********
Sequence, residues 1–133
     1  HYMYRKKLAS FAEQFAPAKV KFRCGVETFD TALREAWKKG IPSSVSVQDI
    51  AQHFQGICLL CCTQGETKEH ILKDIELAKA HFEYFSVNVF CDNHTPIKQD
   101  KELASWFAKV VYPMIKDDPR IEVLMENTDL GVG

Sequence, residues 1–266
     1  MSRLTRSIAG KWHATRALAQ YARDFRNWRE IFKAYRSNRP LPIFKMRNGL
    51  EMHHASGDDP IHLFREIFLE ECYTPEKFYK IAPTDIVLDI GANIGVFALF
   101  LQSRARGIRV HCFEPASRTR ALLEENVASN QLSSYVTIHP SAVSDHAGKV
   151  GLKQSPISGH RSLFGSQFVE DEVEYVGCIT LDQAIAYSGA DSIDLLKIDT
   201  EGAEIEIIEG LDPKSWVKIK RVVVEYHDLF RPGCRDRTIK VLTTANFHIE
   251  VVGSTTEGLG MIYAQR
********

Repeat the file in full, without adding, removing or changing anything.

Sequence, residues 1–133
     1  HYMYRKKLAS FAEQFAPAKV KFRCGVETFD TALREAWKKG IPSSVSVQDI
    51  AQHFQGICLL CCTQGETKEH ILKDIELAKA HFEYFSVNVF CDNHTPIKQD
   101  KELASWFAKV VYPMIKDDPR IEVLMENTDL GVG

Sequence, residues 1–266
     1  MSRLTRSIAG KWHATRALAQ YARDFRNWRE IFKAYRSNRP LPIFKMRNGL
    51  EMHHASGDDP IHLFREIFLE ECYTPEKFYK IAPTDIVLDI GANIGVFALF
   101  LQSRARGIRV HCFEPASRTR ALLEENVASN QLSSYVTIHP SAVSDHAGKV
   151  GLKQSPISGH RSLFGSQFVE DEVEYVGCIT LDQAIAYSGA DSIDLLKIDT
   201  EGAEIEIIEG LDPKSWVKIK RVVVEYHDLF RPGCRDRTIK VLTTANFHIE
   251  VVGSTTEGLG MIYAQR